Nurse Educator

Nurse Educators are licensed registered professional nurses with graduate preparation in curriculum design, teaching, evaluation, advisement, and clinical competence. Academic nursing education is a specialty area within professional nursing.

Your Program of Study is personalized upon acceptance to York College. Listed below is a suggested progression of courses to fulfill the requirements of this degree program. You will need to work closely with your Academic Advisor from the Graduate Nursing Department to successfully complete this program.  This program can be completed in as little as two years, or as many as five years.

NUR 552/553

Seminar II
The graduate student continues to implement the role of the clinical nurse specialist (CNS) or the role of the nurse educator. Graduate students work with an experienced preceptor in a health care or education setting. Clinical nurse specialist competencies across the three spheres of influence (Patient/Client, Nurses and Nursing Practice, Organization/System) provide a framework for clinical practice and classroom topics. The graduate student in the nurse educator track will be provided the opportunity to apply knowledge from the theoretical courses in teaching and learning theory. Practicum experiences may be in academic nursing education, staff development, or client education. 4 Credits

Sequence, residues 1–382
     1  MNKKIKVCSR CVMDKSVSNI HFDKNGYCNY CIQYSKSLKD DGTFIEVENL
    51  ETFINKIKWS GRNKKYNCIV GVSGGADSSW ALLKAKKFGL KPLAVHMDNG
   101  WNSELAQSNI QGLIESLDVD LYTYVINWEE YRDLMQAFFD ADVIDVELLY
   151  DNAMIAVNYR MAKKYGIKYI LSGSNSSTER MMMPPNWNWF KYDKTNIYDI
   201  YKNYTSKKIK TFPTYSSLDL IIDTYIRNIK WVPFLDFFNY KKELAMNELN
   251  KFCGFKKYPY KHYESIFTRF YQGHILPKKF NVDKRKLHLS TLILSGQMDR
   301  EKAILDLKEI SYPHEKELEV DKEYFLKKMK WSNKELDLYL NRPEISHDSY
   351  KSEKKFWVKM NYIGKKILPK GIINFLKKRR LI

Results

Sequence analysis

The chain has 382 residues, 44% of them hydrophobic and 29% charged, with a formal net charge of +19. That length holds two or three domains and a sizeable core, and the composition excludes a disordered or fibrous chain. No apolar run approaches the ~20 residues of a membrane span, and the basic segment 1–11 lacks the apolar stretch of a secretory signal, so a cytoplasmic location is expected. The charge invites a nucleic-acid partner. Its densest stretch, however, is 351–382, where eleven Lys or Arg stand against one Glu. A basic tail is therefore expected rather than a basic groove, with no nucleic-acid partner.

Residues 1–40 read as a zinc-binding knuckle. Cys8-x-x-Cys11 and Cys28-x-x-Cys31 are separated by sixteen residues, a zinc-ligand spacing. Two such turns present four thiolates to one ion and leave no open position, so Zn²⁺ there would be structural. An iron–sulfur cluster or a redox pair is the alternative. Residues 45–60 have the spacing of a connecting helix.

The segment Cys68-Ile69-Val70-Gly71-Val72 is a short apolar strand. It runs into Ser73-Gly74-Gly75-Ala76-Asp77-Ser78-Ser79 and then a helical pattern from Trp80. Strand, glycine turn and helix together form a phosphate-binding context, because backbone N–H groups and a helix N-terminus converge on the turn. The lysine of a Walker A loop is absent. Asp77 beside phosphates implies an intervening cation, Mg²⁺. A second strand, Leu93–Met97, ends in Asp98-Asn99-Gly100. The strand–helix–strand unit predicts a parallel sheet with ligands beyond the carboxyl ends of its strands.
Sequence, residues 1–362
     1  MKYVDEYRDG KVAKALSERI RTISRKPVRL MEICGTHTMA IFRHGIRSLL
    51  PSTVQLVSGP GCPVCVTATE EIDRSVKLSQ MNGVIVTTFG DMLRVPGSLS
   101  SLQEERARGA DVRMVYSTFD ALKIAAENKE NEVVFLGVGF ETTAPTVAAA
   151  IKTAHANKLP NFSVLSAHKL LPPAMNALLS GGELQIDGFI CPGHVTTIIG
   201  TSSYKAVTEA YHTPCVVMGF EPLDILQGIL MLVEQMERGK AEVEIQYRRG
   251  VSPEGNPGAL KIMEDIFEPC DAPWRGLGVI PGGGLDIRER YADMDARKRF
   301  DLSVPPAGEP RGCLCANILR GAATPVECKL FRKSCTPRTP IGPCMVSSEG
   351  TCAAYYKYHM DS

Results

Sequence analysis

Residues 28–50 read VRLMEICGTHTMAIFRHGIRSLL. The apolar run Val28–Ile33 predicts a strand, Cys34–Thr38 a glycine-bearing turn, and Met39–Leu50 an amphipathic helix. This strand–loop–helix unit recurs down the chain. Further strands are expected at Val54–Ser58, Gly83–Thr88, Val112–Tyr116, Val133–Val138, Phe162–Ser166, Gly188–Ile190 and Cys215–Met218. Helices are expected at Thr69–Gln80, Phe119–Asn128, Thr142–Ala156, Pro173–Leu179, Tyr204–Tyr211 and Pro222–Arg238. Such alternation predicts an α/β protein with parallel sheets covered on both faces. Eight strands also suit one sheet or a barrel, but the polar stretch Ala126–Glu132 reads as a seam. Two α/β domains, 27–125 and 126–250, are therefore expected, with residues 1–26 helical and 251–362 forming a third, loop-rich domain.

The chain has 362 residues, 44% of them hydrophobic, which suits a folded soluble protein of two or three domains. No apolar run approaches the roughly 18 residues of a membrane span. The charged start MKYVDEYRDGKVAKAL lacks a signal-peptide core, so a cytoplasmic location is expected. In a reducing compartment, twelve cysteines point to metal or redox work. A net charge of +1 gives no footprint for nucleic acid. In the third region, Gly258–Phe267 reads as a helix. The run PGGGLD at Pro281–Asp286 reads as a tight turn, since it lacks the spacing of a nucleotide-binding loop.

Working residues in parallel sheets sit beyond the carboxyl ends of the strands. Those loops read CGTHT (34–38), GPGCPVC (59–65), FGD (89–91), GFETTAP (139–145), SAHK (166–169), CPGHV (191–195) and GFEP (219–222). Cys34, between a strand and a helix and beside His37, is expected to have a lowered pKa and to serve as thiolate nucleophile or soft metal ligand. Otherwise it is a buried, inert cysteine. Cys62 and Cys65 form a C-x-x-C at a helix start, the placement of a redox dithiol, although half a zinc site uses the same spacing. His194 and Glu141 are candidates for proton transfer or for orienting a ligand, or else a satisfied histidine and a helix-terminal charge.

NUR 550/551

Seminar I
The graduate student begins to implement the role of the clinical nurse specialist (CNS) or the role of the nurse educator. Graduate students work with an experienced preceptor in a health care or education setting. Clinical nurse specialist competencies across the three spheres of influence (Patient/Client, Nurses and Nursing Practice, Organization/System) provide a framework for CNS clinical practice and classroom topics. The graduate student in the nurse educator track will be provided the opportunity to apply knowledge from the theoretical courses in teaching and learning theory. The NLN Educator Competencies provides a framework for the nurse educator classroom topics and practicum. The nurse educator practicum experiences may be in academic nursing education, staff development, or client education. 4 Credits